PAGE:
Python Killed: 9 when running a code using dictionaries created from 2 csv files


I am running a code that has always worked for me. This time I ran it on 2 .csv files: “data” (24 MB) and “data1” (475 MB). “data” has 3 columns of about 680000 elements each, whereas “data1” has 3 columns of 33000000 elements each. When I run the code, I get just “Killed: 9” after some 5 minutes of processing. If this is a memory problem, how to solve it?. Any suggestion is welcome !

This is the code:

import csv
import numpy as np

from collections import OrderedDict # to save keys order

from numpy import genfromtxt
my_data = genfromtxt('data.csv', dtype='S', 
                 delimiter=',', skip_header=1) 
my_data1 = genfromtxt('data1.csv', dtype='S', 
                 delimiter=',', skip_header=1) 

d= OrderedDict((rows[2],rows[1]) for rows in my_data)
d1= dict((rows[0],rows[1]) for rows in my_data1) 

dset = set(d) # returns keys
d1set = set(d1)

d_match = dset.intersection(d1) # returns matched keys

import sys  
sys.stdout = open("rs_pos_ref_alt.csv", "w") 

for row in my_data:
    if row[2] in d_match: 
        print [row[1], row[2]]

The header of “data” is:

    dbSNP RS ID Physical Position
0   rs4147951   66943738
1   rs2022235   14326088
2   rs6425720   31709555
3   rs12997193  106584554
4   rs9933410   82323721
5   rs7142489   35532970

The header of “data1” is:

    V2  V4  V5
10468   TC  T
10491   CC  C
10518   TG  T
10532   AG  A
10582   TG  T
Asked By: Lucas



First off, create a python script and run the following code to find all Python processes.

import subprocess

wmic_cmd = """wmic process where "name='python.exe' or name='pythonw.exe'" get commandline,processid"""
wmic_prc = subprocess.Popen(wmic_cmd, stdout=subprocess.PIPE, stderr=subprocess.PIPE, shell=True)
wmic_out, wmic_err = wmic_prc.communicate()
pythons = [item.rsplit(None, 1) for item in wmic_out.splitlines() if item][1:]
pythons = [[cmdline, int(pid)] for [cmdline, pid] in pythons]
for line in pythons:
    cv = str(line).split('\')
    fin = cv[-1]
    if fin[0:11] != 'pythonw.exe':
        print 'pythonw.exe', fin
    if fin[0:11] != 'python.exe':
        print "'python.exe'", fin

After you have run it, paste the output, here in the questions section, where I will see a notification.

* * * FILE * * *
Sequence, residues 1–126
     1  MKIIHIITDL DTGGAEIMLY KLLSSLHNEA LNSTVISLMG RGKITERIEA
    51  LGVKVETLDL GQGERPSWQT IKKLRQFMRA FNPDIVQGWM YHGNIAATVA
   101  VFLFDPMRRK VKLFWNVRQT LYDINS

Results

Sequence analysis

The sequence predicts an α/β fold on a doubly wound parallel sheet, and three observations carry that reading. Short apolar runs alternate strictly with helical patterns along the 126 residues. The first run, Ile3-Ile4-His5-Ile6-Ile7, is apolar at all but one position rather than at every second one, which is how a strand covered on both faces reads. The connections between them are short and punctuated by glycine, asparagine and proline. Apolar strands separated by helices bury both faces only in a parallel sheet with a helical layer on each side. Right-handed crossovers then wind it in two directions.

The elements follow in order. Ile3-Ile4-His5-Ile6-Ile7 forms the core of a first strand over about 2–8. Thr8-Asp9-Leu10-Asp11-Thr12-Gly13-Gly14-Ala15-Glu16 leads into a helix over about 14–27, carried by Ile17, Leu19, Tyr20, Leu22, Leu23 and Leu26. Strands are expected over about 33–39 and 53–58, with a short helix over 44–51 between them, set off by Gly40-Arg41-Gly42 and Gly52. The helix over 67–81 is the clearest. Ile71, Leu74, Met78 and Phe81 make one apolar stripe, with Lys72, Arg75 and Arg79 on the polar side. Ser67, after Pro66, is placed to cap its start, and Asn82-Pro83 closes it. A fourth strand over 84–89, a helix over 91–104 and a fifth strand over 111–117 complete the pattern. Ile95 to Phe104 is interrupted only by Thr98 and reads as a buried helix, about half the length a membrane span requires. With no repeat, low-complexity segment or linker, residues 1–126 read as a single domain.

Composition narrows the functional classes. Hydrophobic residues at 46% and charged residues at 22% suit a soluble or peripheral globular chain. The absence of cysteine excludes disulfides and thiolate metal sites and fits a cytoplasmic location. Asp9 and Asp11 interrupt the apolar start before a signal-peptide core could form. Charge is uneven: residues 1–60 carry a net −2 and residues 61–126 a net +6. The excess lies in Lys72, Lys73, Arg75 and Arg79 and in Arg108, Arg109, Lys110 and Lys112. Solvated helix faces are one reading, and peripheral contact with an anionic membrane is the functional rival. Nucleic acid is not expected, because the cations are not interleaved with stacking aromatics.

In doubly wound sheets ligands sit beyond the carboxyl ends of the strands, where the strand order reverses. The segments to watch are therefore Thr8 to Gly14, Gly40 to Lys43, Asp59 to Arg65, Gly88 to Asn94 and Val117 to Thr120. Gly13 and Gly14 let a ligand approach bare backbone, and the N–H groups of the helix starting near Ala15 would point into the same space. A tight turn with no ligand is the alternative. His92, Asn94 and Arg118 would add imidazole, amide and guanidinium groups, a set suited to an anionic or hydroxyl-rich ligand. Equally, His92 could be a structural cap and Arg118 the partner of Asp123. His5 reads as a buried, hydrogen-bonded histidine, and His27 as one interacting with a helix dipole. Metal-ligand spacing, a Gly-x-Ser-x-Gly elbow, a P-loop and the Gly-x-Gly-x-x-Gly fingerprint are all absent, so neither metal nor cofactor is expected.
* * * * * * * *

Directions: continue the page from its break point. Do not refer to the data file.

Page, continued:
List all process and post them in your answer, use the following:

import psutil
for process in psutil.process_iter():
    print process
Answered By: ajsp

Most likely kernel kills it because your script consumes too much of memory.
You need to take different approach and try to minimize size of data in memory.

You may also find this question useful: Very large matrices using Python and NumPy

In the following code snippet I tried to avoid loading huge data1.csv into memory by processing it line-by-line. Give it a try.

import csv

from collections import OrderedDict # to save keys order

with open('data.csv', 'rb') as csvfile:
    reader = csv.reader(csvfile, delimiter=',')
    next(reader) #skip header
    d = OrderedDict((rows[2], {"val": rows[1], "flag": False}) for rows in reader)

with open('data1.csv', 'rb') as csvfile:
    reader = csv.reader(csvfile, delimiter=',')
    next(reader) #skip header
    for rows in reader:
        if rows[0] in d:
            d[rows[0]]["flag"] = True

import sys
sys.stdout = open("rs_pos_ref_alt.csv", "w")

for k, v in d.iteritems():
    if v["flag"]:
        print [v["val"], k]
Answered By: frizzby

How much memory does your computer have?

You can add a couple of optimizations that will save some memory, and if that’s not enough, you can trade-off some CPU and IO for better memory efficiency.

If you’re only comparing the keys and don’t really do anything with the values, you can extract only the keys:

d1 = set([rows[0] for rows in my_data1])

Then instead of OrderedDict, you can try using ordered set either from this answer — Does python has ordered set or using ordered-set
module from pypi.

Once you got all the intersecting keys, you can write another program that looks up all the matching values from source csv.

If these optimizations aren’t enough, you can extract all the keys from the bigger set, save them into a file, then load keys one-by-one from the file using generators so the program you will only keep one set of keys plus one key instead of two sets.

Also I’d suggest using python pickle module for storing intermediate results.

Answered By: Alex Volkov

in my case there was some process called syspolicy (consuming 90% CPU) or something like that, once i killed that process, running my command python3 no longer returned killed 9.

Answered By: luky

Cleaning up some hard drive space worked for me.

Here is what I think was happening: like you, I was reading a huge numpy array; in my case it was over 10**10 numbers. Since it was too large to fit in RAM (I had 16 GB RAM), the operating system had to swap some of it to the hard drive. If there was not enough hard drive space, it crashed with a "killed: 9" error. Once I made some space, the program ran fine, under otherwise identical conditions and data.

A better alternative, if one has time, is to rewrite the program so it does not read in so much data at once!

Answered By: Peter B
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